Despite all of this, I still believe most of the people working in education technology and online education are inspired by the vision of making a positive difference in the quality and availability of education. They may also be inspired by the vision of making a buck, and that is okay. Yet when their companies try to engineer success through political influence, they undermine the credibility of the whole enterprise, as do the influence-peddling politicians trumpeting a message of reform.

Follow David F. Carr at @davidfcarr or Google+, along with @IWKEducation.

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Laurianne
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Laurianne,
User Rank: Author
5/17/2013 | 3:31:19 PM
re: Ed Tech, Privatization And Plunder
"Creating a guaranteed market for online learning services" is a key point here. That's a lot of money at stake.

On a related note, in my state of Massachusetts, I feel like the mandatory requirement of master's degrees for elementary school teachers creates a guaranteed market for some of the smaller public colleges that offer that degree. And in the end, I'm not sure it benefits the students much when we don't think flexibly about potential teachers' real-world experience vs. classroom time.

Laurianne McLaughlin
InformationWeek
David F. Carr
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David F. Carr,
User Rank: Author
5/17/2013 | 6:38:55 PM
re: Ed Tech, Privatization And Plunder
I wrote this after reading a Carl Hiaasen novel, which helped put me in the right frame of mind to appreciate the cynical dimension of Florida politics.
dgodon
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dgodon,
User Rank: Apprentice
5/21/2013 | 5:59:00 AM
re: Ed Tech, Privatization And Plunder
Wow, it's nice to see a critical opinion of what's happening with online learning - and from a technology website no less. Kudos! As someone who works in high-tech but also follows education politics fairly closely, you nailed the situation pretty spot on.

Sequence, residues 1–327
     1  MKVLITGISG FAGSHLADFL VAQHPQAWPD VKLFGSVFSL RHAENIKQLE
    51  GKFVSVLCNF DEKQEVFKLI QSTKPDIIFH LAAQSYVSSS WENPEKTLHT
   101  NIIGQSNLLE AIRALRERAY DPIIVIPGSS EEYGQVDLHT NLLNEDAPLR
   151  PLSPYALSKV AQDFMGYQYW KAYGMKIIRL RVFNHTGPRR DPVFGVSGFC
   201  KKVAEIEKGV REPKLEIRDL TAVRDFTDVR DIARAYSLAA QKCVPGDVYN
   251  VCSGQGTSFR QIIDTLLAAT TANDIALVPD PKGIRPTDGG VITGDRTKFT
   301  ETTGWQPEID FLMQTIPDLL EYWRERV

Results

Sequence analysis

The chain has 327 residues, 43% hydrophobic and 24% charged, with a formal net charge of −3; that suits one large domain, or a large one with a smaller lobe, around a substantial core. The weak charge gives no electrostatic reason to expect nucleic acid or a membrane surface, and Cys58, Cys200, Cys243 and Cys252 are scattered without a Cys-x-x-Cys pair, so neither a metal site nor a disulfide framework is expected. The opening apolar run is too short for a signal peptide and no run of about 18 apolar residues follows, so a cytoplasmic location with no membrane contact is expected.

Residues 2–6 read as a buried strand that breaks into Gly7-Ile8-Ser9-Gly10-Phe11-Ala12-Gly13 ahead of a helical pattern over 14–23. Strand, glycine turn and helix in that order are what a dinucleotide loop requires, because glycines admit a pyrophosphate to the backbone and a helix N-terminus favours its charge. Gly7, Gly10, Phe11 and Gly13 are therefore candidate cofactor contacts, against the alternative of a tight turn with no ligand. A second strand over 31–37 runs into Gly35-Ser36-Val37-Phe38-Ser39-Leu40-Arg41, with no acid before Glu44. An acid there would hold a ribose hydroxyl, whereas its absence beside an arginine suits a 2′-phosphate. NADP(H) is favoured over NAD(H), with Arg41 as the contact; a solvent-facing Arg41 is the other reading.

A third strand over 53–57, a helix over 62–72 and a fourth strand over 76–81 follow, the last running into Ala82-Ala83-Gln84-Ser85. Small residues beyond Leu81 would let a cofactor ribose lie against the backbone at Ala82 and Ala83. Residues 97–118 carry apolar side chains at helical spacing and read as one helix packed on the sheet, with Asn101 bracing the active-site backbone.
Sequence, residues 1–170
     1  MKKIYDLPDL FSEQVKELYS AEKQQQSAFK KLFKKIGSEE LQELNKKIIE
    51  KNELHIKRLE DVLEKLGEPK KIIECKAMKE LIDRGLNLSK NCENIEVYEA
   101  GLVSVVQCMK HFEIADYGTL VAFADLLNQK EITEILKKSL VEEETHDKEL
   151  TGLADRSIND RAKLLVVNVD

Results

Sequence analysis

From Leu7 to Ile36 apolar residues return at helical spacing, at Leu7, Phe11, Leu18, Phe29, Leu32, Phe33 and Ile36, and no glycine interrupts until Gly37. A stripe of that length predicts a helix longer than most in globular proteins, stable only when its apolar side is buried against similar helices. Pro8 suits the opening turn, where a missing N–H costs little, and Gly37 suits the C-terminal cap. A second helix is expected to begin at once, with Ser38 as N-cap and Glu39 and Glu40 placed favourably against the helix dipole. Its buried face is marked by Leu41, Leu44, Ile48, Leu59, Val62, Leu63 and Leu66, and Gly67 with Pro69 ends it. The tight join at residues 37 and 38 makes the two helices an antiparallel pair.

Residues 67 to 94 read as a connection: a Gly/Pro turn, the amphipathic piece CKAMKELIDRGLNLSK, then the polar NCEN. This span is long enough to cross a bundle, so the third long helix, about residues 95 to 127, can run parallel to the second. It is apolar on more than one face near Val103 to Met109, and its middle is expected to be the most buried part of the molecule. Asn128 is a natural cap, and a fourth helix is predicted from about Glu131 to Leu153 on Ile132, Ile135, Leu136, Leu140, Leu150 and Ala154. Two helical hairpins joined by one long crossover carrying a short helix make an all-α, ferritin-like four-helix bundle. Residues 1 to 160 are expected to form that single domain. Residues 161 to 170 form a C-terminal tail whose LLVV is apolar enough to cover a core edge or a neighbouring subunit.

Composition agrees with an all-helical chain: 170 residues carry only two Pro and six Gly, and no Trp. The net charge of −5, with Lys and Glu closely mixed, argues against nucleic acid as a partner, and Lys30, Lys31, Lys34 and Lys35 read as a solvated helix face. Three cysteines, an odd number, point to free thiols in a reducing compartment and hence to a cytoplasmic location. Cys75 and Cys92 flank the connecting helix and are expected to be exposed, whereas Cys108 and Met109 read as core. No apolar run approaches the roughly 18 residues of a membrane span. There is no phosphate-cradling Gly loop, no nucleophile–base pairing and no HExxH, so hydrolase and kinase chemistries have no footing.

David F. Carr
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David F. Carr,
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5/21/2013 | 3:07:51 PM
re: Ed Tech, Privatization And Plunder
Thank you. As you can tell, I'm kind of on both sides of this. I was originally going to write a column saying a few kind words about Bill Gates, someone whose motivations some educators seem to be intensely suspicious of. I do think he deserves more credit than he gets for his turn to philanthropy and the sincerity of his efforts to improve education. Some of the things the Bill & Melinda Gates Foundation funds, such as the development of open educational resources to reduce the cost of quality education, strike me as unalloyed goodness.

Used intelligently, technology and online delivery of content ought to be able to do some good things for education. The policy questions are where things get trickier: stuff like whether the availability of MOOCs provides an excuse to cut back on funding of public university courses for those subjects.

I think one of the biggest problems with education, particularly in the K12 public schools, is that it is forever being "reformed" and the results of each of these reform efforts wind up layered on top of each other until we get a bureaucratic mess.
David F. Carr
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David F. Carr,
User Rank: Author
5/24/2013 | 1:17:11 PM
re: Ed Tech, Privatization And Plunder
The flip side of the way I've framed this question, of course, is to what extent the backlash against #edtech and #moocs is driven by unions and other forces of the status quo, rather than genuine concern about the quality and availability of education.